Brokeback Mountain vs. Wuthering Heights

Deep in the comment section about Heath Ledger’s death over at Althouse, the discussion has turned into a debate comparing Brokeback Mountain to Wuthering Heights. The “Brokeback” fans are claiming that it’s exceptional in the way that it shows Ledger’s character’s complete confusion about his attraction to Gyllenhall’s character. Althouse parried with the point that Cathy’s attraction to Heathcliff (Merle Oberon and Lawrence Olivier) is as completely alien, that Heathcliff is like a different species to her.

Now, you could argue that her idea of Heathcliff is just fanciful, and that Wuthering Heights is just another cheating spouse story. But then, the same logic can apply to Brokeback Mountain.

When we relate to stories strongly, we want to feel like they’re exceptional, and we rarely want to step back and realize that we relate to triteness. (That’s how things become trite in the first place.)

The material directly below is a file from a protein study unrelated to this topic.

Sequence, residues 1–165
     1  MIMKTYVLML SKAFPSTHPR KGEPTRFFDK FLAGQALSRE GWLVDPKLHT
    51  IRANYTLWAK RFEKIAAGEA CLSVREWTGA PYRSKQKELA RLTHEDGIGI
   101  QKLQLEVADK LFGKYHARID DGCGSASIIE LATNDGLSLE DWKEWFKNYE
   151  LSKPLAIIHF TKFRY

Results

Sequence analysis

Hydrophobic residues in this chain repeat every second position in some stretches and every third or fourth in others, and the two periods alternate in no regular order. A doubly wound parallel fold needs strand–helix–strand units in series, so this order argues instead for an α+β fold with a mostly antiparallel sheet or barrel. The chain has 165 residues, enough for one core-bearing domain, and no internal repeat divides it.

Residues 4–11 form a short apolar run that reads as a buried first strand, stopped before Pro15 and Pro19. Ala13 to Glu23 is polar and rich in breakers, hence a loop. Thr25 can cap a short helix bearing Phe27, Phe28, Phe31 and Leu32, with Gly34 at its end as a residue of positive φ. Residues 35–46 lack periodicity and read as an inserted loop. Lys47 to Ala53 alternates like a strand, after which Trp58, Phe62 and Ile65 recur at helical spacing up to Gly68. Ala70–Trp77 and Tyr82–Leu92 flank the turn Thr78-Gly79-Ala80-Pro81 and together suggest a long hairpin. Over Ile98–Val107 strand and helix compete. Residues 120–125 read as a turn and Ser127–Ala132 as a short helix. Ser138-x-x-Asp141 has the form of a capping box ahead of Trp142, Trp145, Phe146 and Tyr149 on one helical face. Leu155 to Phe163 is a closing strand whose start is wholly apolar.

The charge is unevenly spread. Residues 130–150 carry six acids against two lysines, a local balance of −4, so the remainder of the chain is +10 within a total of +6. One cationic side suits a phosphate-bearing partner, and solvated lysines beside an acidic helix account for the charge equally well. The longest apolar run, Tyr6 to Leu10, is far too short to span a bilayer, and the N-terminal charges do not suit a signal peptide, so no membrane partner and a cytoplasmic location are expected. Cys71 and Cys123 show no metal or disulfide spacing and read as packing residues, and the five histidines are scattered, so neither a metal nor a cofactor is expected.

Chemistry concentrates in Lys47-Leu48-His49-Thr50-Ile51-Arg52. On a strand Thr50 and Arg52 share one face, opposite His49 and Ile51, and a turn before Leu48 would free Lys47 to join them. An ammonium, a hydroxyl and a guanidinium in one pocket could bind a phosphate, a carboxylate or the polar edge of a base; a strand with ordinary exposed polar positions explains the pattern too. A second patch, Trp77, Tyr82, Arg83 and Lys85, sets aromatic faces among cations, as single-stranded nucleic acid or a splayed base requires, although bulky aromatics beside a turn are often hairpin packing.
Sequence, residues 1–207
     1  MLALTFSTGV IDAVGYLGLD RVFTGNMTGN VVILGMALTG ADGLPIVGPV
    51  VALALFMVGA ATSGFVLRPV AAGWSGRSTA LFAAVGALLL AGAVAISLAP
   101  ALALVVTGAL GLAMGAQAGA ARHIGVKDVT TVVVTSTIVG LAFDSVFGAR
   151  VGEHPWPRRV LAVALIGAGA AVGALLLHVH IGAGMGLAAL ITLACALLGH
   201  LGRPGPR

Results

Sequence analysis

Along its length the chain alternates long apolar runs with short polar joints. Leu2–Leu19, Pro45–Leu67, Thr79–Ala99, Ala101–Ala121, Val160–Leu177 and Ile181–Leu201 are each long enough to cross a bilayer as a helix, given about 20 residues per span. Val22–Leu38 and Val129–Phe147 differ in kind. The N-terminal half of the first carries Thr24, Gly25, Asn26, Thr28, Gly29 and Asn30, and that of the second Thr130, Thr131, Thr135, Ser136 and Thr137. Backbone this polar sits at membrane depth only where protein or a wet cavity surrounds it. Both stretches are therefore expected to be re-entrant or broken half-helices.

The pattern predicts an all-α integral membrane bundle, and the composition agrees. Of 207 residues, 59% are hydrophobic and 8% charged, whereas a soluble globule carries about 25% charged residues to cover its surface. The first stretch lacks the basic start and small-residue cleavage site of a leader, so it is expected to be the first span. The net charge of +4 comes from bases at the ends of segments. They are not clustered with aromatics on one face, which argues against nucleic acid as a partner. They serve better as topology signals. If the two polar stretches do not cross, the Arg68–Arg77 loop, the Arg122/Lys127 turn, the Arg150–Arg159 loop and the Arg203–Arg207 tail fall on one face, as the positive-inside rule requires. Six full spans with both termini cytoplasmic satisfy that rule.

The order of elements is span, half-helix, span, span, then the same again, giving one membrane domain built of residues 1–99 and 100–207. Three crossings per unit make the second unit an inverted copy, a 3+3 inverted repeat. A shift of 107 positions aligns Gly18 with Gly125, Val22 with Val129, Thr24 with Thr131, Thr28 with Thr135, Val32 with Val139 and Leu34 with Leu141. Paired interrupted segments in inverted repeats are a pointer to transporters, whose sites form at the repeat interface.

I haven’t been in the mood for Ang Lee–well, since The Hulk–and Brokeback struck me as pretty trite. As Ace pointed out, if the same dialog came from a traditional cheating-on-spouse movie, it would be roundly mocked. And the concept really didn’t seem that shocking (or interesting) when Kate Jackson and Harry Hamlin did it in 1982.

I should point out that I didn’t (and don’t) get Wuthering Heights, either. I haven’t read it since I was a kid but my fallback for a lot of the romantic angst stuff is that scene in Moonstruck when Nic Cage tells Cher he loves her, so she slaps him and yells “Snap out of it!”

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